CivilRightsActivism

Civil Rights Activism


Black students became more of a presence on campuses across the country, and at CSB/SJU as well, in the late 1960s. Martin Luther King Jr. gave his "I Have Been to the Mountaintop" address on April 3rd, 1968, and was assassinated the next day.  Black Power and the Black Panthers were in the news.

In the fall of 1968, when there were about 25 blacks on the SJU campus, they founded the O.A.A.S., the Organization of Afro-American Students, to develop black unity and promote black culture in the community. (See Garvey, Terry, "Black Students Unify in OAAS, The Record, December 16, 1968, p. 7.)  A year later, their request for monetary support led to the establishment of the Black Student Culture Center.  By 1970, the civil rights movement was grabbing headlines (and advocates) across the country, and the number of blacks on the two campuses had increased to over 70. 

Sagatagan Yearbook 1970 Page 139
1970 Sagatagan yearbook, p. 139

On November 11, 1970, a group of about 20-30 black students entered the office of SJU President Fr. Colman Barry to present "A Proposal Concerning Black Survival" (page one of which is pasted below) which laid out two demands: 

  • $10,000 "for the purpose of promoting successfully culture and unity among people of African descent on the twin campuses socially and politically" and
  • an ongoing O.A.A.S. budget to purchase educational materials and supplies for the Black Cultural Center to enable them to sponsor educational and social events so as to "contribute something to the Westernized atmosphere of the SJU and CSB community."   

A Proposition Concerning Black Survival

In those days, sit-ins were becoming a common way to attract attention to a cause.  Fr. Colman summoned his Administrative Council for a meeting.  On the morning of Monday, November 16, Fr. Colman (emphasizing that he spoke only on behalf of SJU, not CSB) relayed his Council's request for signatures on the petition and more specific information.  He also indicated his willingness to listen and to try to resolve the issue.

At 2:45 pm that afternoon, about 20 black students from St. John's and St. Ben's occupied the SJU President's Office.  SJU's legal counsel and the local police were summoned, attempts were made to persuade the students to leave, and, when nine refused, a legal injunction was read aloud.  After a half hour waiting period, nine students were arrested on contempt charges and spent the night in jail.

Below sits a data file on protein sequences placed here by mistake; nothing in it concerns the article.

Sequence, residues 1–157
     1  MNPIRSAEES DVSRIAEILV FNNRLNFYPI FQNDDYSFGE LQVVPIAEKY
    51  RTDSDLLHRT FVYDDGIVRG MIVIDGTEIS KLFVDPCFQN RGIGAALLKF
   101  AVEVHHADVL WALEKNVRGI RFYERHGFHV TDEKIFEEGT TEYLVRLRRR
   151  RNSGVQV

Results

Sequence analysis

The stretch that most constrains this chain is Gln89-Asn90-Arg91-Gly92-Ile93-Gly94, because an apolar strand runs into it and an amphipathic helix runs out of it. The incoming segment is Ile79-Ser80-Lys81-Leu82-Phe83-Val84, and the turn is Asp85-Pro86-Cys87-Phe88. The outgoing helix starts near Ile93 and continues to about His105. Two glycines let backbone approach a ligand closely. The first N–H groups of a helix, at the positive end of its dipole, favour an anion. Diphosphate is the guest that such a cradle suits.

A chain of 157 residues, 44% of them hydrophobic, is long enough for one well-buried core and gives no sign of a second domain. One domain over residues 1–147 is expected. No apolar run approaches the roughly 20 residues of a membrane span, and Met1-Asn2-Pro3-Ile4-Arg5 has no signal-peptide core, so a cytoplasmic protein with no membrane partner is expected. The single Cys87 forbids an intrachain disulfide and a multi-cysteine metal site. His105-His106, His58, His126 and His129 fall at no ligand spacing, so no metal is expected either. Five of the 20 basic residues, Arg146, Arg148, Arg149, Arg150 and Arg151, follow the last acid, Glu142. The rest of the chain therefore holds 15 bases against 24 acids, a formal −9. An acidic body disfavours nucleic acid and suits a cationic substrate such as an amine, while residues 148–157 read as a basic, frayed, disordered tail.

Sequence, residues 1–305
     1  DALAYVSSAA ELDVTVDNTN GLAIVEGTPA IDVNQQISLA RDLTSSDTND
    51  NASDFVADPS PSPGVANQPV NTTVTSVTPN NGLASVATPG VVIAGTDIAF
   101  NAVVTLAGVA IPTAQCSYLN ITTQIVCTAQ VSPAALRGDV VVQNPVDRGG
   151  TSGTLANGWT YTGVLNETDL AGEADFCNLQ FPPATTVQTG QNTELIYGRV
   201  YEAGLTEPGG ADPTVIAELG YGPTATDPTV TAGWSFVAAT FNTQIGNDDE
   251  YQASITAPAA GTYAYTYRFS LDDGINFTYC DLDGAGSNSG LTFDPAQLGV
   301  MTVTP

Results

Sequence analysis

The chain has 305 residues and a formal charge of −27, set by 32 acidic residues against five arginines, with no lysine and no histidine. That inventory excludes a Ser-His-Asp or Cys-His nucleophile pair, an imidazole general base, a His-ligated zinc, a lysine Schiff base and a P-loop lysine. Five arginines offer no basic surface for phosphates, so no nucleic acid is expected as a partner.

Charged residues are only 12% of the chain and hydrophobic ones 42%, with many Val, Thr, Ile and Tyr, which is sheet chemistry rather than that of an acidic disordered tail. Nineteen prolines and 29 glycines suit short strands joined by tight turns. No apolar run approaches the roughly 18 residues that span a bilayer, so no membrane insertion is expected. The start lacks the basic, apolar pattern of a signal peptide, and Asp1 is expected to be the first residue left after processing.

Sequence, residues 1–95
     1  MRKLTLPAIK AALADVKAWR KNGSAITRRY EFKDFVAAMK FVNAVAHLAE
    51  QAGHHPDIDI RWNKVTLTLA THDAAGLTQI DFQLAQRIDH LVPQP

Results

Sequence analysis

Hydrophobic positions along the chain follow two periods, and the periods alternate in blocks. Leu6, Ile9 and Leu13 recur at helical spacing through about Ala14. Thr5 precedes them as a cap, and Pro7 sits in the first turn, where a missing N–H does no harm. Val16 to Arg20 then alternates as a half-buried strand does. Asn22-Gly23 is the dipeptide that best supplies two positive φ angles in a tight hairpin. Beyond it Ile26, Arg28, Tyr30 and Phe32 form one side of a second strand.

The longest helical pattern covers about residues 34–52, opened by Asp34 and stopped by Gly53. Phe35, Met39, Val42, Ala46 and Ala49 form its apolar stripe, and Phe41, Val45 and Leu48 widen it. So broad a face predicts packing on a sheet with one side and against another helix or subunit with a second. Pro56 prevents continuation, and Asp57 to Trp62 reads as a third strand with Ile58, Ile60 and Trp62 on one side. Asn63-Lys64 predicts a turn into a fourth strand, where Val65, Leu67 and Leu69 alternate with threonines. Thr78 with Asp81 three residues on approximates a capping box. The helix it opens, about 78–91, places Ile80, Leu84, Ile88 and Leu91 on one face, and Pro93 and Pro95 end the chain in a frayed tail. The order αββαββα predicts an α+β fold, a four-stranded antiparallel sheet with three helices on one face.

Click on the image below to read the news report on the incident as it appeared in the November 18, 1970 St. Cloud Daily Times:

Sit In Article

Ultimately, both presidents began efforts to raise funds--and to raise consciousness on campus of the needs of the minority students.

 

See also:

 

"International Students on Campus: Adjusting to Informality," Saint John's [Alumni Magazine], vol. 10, no. 3, Fall 1970, p. 14-23. 

"Angela Davis Rally Held Here; Campus Attitudes Questioned," The Record, November 13, 1970, p. 1, by Al Simonett.  

Letter to the Editor, The Record, December 4, 1970, p. 2, by Br. Louis [Blenkner], OSB.  [Other letters and the Editorial on this page are also relevant, as is the Column on page 3 by Jim Leisentritt.] 

"CSB-SJU Racist Society?," The Torch, December 11, 1970, p. 1.

"Blackness," The Torch, December 11, 1970, p. 3, by Cherie Less Shadlow and Rhona Moore.

"We've Only Just Begun," The Torch, March 25, 1971, p. 4, by Joan Knothe.

"OAAS Sponsors 'Black Caucus'," The Torch, April 30, 1971, p. 1.

"Black Caucus Week Held; Attendance Disappointing," The Record, May 7, 1971, p. 3, by Greg Downs.

"Black Students Abused," The Torch, May 12, 1971, p. 2, by Rosalie Musachio.

 

Compiled in June 2011 from resources in the SJU Archives, and other sources cited herein, by Peggy Landwehr Roske, CSB/SJU Archivist. All rights reserved.